Bank Inquiry is divided on who was to blame for crash
Some members of committee may refuse to sign off on the report when it is completed
Major differences have emerged between members of the €5m Oireachtas Banking Inquiry over what they want their final report into the banking crash to say.
Given the level of disagreement, there is even the possibility of at least one or two members of the inquiry refusing to sign off on the report when its completed.
The inquiry is currently in the process of drafting its final report, but it is believed that Fine Gael, Fianna Fáil and Independent members differ hugely in terms of style, tone and length in how they want the final report to look.
The vast differences illustrate the scale of the task ahead if the inquiry is to agree a final report by its January deadline.
The Irish Independent understands that while there is some consensus in the criticisms of bankers and regulators, there are stark disagreements between committee members as to political responsibility.
It is believed that one Fianna Fáil member of the Inquiry has concluded that international factors led to the crash and defends the actions of Brian Cowen in the run-up to the crash, as well as the introduction of the 2008 bank guarantee.
This Fianna Fáil member is severely critical of the role of the ECB in the run-up to the 2010 bailout and also concludes that the former finance minister, the late Brian Lenihan, was "not over-ruled" by Mr Cowen on the night of the guarantee.
Central Bank Governor Patrick Honohan told the inquiry that Mr Lenihan was opposed to the guarantee option but was "over-ruled" by Mr Cowen.
But the Fianna Fáil member's position is that what Prof Honohan said in evidence should only be treated as hearsay, as he was not present on the night.
In a strong criticism of the structure of the inquiry, the Fianna Fáil member says that although no evidence of illegality came up in the inquiry, the prohibitive and restrictive nature of the rules which underpin the inquiry meant that possible illegal acts could not be properly investigated.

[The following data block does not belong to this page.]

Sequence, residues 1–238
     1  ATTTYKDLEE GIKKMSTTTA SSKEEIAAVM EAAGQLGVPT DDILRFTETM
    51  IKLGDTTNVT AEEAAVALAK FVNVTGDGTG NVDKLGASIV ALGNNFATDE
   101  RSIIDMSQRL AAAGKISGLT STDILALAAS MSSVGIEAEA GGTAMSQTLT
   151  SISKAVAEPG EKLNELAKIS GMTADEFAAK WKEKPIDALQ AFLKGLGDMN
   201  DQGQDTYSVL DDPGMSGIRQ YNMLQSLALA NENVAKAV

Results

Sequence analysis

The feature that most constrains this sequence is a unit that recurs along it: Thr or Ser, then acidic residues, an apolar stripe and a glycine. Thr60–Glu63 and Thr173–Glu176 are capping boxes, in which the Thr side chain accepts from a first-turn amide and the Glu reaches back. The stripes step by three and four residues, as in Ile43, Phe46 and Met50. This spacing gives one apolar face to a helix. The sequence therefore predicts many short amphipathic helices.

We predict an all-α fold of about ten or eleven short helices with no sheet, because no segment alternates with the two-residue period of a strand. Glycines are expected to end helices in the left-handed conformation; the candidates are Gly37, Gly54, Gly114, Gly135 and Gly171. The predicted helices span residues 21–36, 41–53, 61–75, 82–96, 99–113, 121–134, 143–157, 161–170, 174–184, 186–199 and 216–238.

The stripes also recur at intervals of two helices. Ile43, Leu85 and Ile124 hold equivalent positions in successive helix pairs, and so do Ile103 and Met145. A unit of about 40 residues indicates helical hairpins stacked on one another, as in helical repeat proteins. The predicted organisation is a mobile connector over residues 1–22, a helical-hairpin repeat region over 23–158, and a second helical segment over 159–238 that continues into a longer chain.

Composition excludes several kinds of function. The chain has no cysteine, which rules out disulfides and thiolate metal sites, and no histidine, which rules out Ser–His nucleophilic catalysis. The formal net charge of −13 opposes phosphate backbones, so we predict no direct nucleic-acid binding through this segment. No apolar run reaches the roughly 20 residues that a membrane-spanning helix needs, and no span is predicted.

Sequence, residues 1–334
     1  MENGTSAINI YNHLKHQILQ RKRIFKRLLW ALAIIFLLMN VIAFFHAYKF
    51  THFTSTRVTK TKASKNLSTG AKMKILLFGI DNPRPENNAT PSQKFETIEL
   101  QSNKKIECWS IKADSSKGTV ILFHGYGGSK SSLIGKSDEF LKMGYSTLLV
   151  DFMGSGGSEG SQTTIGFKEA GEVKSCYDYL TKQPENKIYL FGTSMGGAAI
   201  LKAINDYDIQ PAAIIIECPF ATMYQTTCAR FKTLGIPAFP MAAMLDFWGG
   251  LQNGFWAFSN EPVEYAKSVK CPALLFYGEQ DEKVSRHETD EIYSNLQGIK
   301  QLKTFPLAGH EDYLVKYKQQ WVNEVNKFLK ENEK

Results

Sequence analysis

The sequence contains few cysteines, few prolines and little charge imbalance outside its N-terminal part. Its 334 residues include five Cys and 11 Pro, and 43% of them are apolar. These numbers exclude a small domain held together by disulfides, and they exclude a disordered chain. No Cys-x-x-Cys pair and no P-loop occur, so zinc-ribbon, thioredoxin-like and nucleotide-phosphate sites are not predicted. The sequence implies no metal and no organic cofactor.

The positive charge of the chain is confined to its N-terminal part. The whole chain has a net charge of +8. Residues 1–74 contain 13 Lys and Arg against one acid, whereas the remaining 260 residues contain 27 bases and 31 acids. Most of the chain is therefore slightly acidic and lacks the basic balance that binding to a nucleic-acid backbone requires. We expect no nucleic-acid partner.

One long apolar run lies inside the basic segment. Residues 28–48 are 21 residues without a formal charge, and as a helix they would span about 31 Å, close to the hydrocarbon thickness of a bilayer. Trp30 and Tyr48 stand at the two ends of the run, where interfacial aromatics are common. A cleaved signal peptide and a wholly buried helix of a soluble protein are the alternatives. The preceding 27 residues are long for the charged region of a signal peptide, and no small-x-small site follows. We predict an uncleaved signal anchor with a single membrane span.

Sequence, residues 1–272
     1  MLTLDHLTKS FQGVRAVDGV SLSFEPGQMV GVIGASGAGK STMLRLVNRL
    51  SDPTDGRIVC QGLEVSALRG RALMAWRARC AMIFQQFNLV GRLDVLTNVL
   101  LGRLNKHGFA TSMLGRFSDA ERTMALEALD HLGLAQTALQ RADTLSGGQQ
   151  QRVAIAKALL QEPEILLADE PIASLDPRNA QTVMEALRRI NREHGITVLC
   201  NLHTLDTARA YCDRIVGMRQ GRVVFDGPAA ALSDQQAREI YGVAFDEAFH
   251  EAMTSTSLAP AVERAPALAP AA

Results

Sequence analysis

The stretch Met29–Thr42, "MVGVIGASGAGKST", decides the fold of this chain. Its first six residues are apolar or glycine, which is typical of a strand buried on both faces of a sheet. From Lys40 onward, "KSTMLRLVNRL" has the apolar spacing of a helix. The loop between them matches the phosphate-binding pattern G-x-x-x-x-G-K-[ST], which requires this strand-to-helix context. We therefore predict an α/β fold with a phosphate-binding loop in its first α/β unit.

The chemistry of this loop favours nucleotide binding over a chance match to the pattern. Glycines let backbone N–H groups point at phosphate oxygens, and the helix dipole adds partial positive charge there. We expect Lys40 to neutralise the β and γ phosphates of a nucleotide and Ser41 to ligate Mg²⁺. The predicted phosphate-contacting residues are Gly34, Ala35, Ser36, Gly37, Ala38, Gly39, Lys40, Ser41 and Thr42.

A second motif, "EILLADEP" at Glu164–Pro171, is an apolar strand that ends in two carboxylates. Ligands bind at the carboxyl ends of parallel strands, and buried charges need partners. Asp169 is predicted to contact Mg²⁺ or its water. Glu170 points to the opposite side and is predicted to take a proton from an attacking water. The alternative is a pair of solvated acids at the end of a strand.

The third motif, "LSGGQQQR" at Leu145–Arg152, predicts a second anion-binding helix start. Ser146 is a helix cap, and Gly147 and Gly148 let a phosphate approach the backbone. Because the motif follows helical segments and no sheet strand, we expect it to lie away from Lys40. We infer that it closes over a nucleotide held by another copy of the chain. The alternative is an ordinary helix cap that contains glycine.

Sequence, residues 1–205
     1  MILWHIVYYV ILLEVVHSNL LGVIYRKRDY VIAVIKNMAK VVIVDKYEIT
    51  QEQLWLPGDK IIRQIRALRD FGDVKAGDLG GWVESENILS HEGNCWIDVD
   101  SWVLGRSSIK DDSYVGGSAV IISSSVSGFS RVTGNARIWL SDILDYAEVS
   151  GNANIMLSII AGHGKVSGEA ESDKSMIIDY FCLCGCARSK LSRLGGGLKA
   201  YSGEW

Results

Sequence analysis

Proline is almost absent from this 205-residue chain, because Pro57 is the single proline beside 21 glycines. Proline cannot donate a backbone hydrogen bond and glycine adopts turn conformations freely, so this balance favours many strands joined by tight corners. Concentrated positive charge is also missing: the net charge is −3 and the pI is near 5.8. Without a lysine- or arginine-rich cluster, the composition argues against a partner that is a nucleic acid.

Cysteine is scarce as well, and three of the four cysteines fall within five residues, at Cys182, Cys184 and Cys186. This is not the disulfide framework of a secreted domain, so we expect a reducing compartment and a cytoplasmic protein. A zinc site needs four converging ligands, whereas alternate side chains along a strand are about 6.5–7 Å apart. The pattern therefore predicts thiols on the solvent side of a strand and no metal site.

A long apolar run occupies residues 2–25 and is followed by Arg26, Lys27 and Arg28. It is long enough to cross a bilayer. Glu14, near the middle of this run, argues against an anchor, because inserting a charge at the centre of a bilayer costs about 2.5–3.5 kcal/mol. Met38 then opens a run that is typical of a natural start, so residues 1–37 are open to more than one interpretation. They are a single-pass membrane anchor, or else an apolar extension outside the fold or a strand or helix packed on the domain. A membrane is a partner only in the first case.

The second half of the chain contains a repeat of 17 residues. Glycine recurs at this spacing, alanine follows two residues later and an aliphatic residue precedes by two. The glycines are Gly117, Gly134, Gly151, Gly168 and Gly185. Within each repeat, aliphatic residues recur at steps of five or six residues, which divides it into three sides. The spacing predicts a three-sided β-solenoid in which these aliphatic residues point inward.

In contrast, a Fine Gael member concludes that the crisis was primarily of Irish making, because the astonishing increases in bank lending and personal debt meant that only a hard crash was likely.
The Fine Gael member believes that senior NTMA officials were deliberately excluded from discussions on the night of the guarantee in Government Buildings because they would have opposed it.
It is understood that the member argues that the guarantee itself was a major gamble. They are also understood to be deeply critical of the fact that the financial calculations upon which the guarantee and later Nama were based on turned out to be wrong by "tens of billions".
Meanwhile, it is understood that Socialist TD Joe Higgins is eager to criticise "vulture fund capitalism", which imposed huge losses on the Irish people.
But this approach is likely to be strongly resisted by other committee members.
Sources have said that such is his unhappiness, Mr Higgins is very unlikely to sign the official report. It has been speculated that he could produce his own so-called minority report.
It is believed that Independent Senator Seán Barrett, who is an economist, has been pressing for the inquiry to be forward-looking in order to ensure that past mistakes are not repeated.
It is also believed that Mr Barrett identifies 16 separate failings by the Department of Finance, which include the lack of qualified economists and its failure to address the effects of the crisis in a timely fashion.
He is also believed to have identified 11 separate failures of the Financial Regulator, as well as criticising auditors, the banks and the ECB.
Inquiry sources have said that within the next week or so, proper intense discussions as to the final draft report will begin.
And while these are the personal views of members, the final report may ultimately omit many of their desired conclusions. There are legal restrictions on the inquiry's work.